Almost as rare as a Yeti sighting, the term “purple squirrel” is used by those in the executive search industry to describe a job candidate with the precise range of qualifications—the right education, experience, and set of skills—to perfectly match an in-demand job’s requirements.
The Purple Squirrel theory is that finding the perfect candidate for a position requiring a highly specialized skill set, often in markets with a supply and demand imbalance, is as hard as finding a purple squirrel.
Lou Adler, author of Hire with Your Head often discusses “job stretch” as part of the framework for employers to consider.
“Job stretch” might be thought of as the difference between what a given candidate’s skills are and the “purple squirrel” for that particular job.
Beware that our “purple squirrel” may also have a mercenary mindset. Albeit a harsh concept, anyone who has done ALL of the work needed for a given in-demand job will receive the highest compensation since there is no job stretch involved.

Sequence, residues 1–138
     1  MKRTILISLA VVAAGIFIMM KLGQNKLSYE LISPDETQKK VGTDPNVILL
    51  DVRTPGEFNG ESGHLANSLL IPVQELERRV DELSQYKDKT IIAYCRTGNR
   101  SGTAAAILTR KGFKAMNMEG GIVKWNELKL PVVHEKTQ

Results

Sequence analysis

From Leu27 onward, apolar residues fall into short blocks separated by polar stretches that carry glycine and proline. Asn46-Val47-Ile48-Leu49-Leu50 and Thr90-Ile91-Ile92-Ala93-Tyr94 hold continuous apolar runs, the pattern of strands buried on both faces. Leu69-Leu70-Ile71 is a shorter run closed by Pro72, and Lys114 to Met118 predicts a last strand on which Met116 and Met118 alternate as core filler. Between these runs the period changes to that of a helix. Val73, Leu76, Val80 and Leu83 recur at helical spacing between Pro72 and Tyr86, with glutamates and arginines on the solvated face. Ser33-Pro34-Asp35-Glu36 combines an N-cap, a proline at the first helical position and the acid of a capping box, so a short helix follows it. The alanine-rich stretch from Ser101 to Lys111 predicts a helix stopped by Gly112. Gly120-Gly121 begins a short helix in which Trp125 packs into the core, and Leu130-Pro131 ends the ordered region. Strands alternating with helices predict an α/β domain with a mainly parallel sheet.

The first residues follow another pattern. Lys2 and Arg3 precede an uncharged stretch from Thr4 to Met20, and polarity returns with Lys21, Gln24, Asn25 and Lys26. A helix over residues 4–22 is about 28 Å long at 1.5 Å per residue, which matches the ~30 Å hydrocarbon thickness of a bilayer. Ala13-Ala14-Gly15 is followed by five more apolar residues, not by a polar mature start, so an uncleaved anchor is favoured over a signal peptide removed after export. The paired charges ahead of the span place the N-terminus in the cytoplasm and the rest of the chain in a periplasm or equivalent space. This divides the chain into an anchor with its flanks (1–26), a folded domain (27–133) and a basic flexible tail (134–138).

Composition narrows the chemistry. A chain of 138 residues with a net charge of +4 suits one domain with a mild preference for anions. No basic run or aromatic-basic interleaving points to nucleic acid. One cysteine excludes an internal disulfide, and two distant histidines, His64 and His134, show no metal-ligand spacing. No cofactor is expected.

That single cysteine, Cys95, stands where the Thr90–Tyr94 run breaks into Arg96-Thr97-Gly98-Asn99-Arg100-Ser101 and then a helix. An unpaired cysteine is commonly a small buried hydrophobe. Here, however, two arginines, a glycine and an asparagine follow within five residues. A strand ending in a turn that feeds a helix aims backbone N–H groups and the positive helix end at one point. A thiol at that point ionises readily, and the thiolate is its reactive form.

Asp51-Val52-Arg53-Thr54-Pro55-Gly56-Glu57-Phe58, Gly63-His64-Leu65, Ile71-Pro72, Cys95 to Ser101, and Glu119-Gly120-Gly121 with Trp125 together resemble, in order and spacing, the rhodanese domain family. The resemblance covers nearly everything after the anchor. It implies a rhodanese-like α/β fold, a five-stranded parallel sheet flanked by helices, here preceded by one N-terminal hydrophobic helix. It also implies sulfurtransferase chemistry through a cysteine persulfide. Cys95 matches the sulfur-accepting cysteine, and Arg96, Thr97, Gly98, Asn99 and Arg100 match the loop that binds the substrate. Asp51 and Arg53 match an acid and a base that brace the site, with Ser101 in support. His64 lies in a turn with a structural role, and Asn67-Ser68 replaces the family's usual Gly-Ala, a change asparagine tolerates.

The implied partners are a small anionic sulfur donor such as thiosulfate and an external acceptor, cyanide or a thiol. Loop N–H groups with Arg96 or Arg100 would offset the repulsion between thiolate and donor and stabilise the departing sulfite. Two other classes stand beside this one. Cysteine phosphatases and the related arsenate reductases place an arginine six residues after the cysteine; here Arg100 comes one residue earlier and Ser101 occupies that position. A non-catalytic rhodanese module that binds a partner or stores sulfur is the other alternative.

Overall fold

Another worthwhile way of thinking about this gap is considering the “Jobs to be done” theory explained by Clayton Christensen.
Job statements, (expressed as [verb] + [the object of the verb] + [contextual clarifier] as in “Implement, customize and support a QMS”) focus our attention on the outcomes desired of the work performed, rather than the specific skill set or background required to do the work.
Although “Jobs to be done” are much broader principles centered around marketing, innovation, and meeting customer demands, a job statement can act as an enabler to think more broadly about how to accomplish any given task or set of tasks.
What methods are you using to attract talented applicants to your “jobs to be done” while still maintaining “job stretch” for those hires?
If you’d like some help figuring that out or understanding how you can overcome some of these issues, contact us.